Clementine Ford on the beautiful, brutal reality of life as new mum.

 

Clementine Ford has made an entire career out of bold candour and unapologetic honesty. Her words do not beat around the bush, nor do they submit to a world that expects you to be tactful and sparing.

And being a mother hasn’t hindered her desire to be transparent and honest. A new mum to a ten-week-old baby, Ford has written a beautiful but blunt post on Facebook detailing the reality of being a new mum while juggling work.

After explaining that since her baby was born ten weeks ago she has launched a book and embarked on an interstate tour while still staying true to freelance writing obligations, Ford explains that although she appears to “miraculously” be juggling it all, her reality is far from what it seems.

“I’ve had a few women mention to me that [undertaking all this work] is somewhat miraculous with a newborn. And I worry that I might have created the impression that I’m finding it easy or ‘blitzing’ motherhood. So this post is about dispelling those illusions,” she began.

In her signature well-articulated but forthright manner, Ford  also details the inherent loneliness that can come with being a new mother.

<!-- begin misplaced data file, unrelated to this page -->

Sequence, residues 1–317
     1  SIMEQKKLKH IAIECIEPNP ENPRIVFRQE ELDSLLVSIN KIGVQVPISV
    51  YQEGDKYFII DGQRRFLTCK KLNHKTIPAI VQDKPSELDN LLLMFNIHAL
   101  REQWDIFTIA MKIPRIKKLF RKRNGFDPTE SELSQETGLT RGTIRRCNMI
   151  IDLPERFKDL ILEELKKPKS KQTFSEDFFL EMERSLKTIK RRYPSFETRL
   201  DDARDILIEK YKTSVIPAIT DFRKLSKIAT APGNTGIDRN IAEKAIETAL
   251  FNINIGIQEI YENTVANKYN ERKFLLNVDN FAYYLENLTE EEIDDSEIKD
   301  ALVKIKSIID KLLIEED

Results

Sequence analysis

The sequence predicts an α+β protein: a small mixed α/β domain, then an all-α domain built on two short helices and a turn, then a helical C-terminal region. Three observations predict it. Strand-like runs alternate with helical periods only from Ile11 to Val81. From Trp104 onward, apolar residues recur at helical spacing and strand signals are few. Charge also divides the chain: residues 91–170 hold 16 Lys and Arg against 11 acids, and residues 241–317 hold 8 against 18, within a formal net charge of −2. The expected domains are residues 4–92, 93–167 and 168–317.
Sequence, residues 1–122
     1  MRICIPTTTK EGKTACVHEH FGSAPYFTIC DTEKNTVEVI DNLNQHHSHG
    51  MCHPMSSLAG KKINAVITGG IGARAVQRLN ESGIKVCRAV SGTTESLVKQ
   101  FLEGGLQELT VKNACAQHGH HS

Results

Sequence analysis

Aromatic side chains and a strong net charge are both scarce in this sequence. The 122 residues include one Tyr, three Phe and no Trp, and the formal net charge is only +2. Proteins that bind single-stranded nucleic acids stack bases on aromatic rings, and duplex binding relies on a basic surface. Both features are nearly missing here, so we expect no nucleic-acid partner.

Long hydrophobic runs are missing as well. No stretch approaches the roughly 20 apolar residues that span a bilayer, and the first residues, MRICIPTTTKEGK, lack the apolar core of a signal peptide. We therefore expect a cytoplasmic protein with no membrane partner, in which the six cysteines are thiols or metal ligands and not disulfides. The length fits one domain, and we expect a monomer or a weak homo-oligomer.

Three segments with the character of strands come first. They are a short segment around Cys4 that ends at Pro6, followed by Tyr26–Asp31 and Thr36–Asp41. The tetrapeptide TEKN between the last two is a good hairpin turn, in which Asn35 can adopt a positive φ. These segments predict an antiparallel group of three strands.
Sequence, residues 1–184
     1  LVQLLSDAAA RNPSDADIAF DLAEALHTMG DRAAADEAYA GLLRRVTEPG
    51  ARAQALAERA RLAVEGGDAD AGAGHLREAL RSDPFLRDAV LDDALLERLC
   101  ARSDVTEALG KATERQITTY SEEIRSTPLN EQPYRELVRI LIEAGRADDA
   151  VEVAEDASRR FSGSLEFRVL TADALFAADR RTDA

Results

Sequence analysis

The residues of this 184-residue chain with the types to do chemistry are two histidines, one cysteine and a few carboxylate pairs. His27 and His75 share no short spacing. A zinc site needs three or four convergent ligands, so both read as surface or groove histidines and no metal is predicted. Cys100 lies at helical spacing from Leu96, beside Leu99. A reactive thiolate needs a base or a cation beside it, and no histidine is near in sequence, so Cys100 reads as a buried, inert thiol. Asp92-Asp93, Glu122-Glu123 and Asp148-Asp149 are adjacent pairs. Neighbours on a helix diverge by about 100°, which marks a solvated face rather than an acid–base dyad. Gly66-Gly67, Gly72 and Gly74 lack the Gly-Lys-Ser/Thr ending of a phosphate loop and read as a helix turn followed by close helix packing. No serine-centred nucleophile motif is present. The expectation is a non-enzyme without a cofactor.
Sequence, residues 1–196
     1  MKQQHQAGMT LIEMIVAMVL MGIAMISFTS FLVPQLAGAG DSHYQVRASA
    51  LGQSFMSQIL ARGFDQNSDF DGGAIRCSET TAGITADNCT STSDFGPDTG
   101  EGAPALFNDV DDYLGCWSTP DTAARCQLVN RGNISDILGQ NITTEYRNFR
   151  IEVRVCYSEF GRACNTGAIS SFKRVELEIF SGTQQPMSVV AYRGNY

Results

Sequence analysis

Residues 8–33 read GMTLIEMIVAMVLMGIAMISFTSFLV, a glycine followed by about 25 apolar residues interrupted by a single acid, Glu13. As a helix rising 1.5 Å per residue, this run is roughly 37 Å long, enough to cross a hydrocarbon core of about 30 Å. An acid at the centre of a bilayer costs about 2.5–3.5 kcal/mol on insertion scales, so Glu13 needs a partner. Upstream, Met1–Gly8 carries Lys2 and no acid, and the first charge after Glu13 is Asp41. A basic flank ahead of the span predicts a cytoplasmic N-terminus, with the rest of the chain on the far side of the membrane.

“The beautiful, intoxicating smiles I’ve learned to grasp onto like a lifeboat can so quickly turn to red eyed wailing and then it’s just me out there, adrift in the ocean with nothing but sea around for miles.”

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And about all those things she bought in preparation for the baby? No thank you, says baby, I’m not interested in the hundreds of dollars you spent preparing for me, writes Ford.

“Before I had my baby, I bought a number of things that I felt sure they needed – indeed, felt sure they’d love because my friends babies do. What a waste. Sleep hammock? Hates it. Baby swing? Nope.”

More than that, it was how her body responded to the birth that left her most surprised.

“I expected childbirth would do a number on me. Stretchmarks, swollen cans, ruined core. What I did not expect was that my pelvic floor would be so fucked from labouring that I’d need to wear pads until it was restored to health to stop from wetting my pants every day.”

Ultimately, though, her post served one universal and underlying purpose to dispel the idea that she was thriving in this early stage of motherhood.

“I don’t want it to look like this is easy for me, because it’s not. I have days when all I want to do is run away. There are moments when I listen to my baby crying and feel so tired, so bored and, dare I say it, so uninterested that I can’t even describe it.

“To all those mothers out there having a rough day, I’m right here with you. This role ain’t easy.”

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